Ruthenian autonomy issue gains geopolitical intrigue

At least one leader of the Ruthenian minority community in the Sub-Carpathian Region claims they seek more autonomy in Slovakia, but other community leaders disagree. 

Exhibition of Ruthenian Easter traditions, Prešov Exhibition of Ruthenian Easter traditions, Prešov (Source: TASR)

The Slovak daily Hospodárske noviny cites The Economist in saying self-proclaimed Ruthenian leader Petro Gecko – who has been living in Russia for some years – told the pro-Russian TASS newswire that Slovak Ruthenians demand the accepting of their national identity and independence of their country, as a result of a decision by their congress that brought together Ruthenians from Ukraine, Slovakia and Poland.

However, the head of national Council of Ruthenians in Sub-Carpathian Region Yevgen Zhupan which associates 90 percent of Ruthenians from Ukraine, denies this claim. Spokesman of Ruthenians in Slovakia, Peter Medviď, who is close to Zhupan, also confirmed that the organisations do not agree with Gecko’s statements.

Slovak Ruthenians would rather welcome Ukraine being part of the European Union and the strictly protected border between Slovakia and Ukraine to be open, Hospodárske noviny wrote. The paper added that even form economic point of view, Ruthenian autonomy would not be an advantage. Slovak Ruthenians, moreover, have the status of ethnic minority and have some guaranteed rights.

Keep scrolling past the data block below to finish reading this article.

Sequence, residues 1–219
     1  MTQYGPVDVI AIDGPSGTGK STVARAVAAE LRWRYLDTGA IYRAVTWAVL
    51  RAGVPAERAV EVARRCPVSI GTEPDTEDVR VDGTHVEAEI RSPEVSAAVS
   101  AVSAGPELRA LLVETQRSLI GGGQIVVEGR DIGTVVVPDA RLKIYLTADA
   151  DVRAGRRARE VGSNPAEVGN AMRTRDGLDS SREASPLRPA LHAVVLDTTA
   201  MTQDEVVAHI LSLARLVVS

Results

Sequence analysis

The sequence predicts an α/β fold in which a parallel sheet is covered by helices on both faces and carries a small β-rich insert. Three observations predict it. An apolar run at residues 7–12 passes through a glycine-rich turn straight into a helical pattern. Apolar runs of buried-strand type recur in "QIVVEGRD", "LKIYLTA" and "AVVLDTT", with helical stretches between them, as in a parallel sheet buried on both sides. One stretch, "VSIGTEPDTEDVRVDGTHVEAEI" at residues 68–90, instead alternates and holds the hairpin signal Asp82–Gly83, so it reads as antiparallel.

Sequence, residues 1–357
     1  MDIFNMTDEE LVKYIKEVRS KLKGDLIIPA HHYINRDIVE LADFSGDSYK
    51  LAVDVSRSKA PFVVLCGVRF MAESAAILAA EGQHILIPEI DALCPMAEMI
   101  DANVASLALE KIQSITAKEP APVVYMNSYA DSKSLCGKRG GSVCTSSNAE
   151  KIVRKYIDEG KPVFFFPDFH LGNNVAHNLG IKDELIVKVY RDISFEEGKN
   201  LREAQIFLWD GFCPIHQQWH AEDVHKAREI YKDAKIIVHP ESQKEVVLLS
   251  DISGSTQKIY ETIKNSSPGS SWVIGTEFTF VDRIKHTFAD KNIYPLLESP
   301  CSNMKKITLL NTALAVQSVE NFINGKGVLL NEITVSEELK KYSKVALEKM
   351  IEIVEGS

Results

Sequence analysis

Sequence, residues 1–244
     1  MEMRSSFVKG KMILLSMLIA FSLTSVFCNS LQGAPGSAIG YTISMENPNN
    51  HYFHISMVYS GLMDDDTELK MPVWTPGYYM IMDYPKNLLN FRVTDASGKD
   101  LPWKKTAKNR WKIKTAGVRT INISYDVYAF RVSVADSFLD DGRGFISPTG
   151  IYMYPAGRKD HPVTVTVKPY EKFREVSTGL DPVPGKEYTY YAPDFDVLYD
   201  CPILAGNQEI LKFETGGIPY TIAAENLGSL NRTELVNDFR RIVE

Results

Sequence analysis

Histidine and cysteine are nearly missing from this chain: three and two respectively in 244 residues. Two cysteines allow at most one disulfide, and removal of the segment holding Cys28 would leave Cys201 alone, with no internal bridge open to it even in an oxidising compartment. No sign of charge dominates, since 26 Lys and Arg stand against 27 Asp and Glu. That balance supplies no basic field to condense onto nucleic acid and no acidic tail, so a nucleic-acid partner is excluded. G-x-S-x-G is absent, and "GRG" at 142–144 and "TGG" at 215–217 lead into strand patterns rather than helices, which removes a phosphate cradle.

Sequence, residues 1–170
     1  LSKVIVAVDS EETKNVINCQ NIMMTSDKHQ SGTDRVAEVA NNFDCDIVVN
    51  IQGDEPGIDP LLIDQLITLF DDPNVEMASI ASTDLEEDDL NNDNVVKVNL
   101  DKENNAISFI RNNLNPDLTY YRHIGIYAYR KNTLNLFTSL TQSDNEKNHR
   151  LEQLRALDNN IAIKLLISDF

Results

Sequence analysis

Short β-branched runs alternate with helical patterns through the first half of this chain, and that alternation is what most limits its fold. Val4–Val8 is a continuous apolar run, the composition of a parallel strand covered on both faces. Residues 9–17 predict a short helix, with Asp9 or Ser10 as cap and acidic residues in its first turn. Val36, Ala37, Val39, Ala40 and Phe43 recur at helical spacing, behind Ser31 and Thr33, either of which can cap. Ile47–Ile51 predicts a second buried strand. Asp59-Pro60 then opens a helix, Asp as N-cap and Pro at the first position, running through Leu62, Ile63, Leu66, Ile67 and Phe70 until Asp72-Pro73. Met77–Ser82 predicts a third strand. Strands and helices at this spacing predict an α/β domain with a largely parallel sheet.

The processing of personal data is subject to our Privacy Policy and the Cookie Policy. Before submitting your e-mail address, please make sure to acquaint yourself with these documents.

Theme: Ukraine


Top stories

Gorilla sends Slovaks back to the streets

For a Decent Slovakia protests continued in five locations around Slovakia.

Košice protest on October 18

Nicholson: Only a naive person would believe anything has changed

A former Slovak Spectator and Sme journalist wrote a book about the Gorilla file.

Tom Nicholson

Protests will take place, Pellegrini says Fico can sleep well at night

Read the reactions to the published Gorilla recording.

Smer chair Robert Fico

Two nominees for Record of the Year released within a week

Arguably, only a handful of journalists are likely to hear all 39 hours of Gorilla, but the public will no doubt jump at some sequences.

Protests over the Gorilla scandal drew thousands into Slovakia’s squares.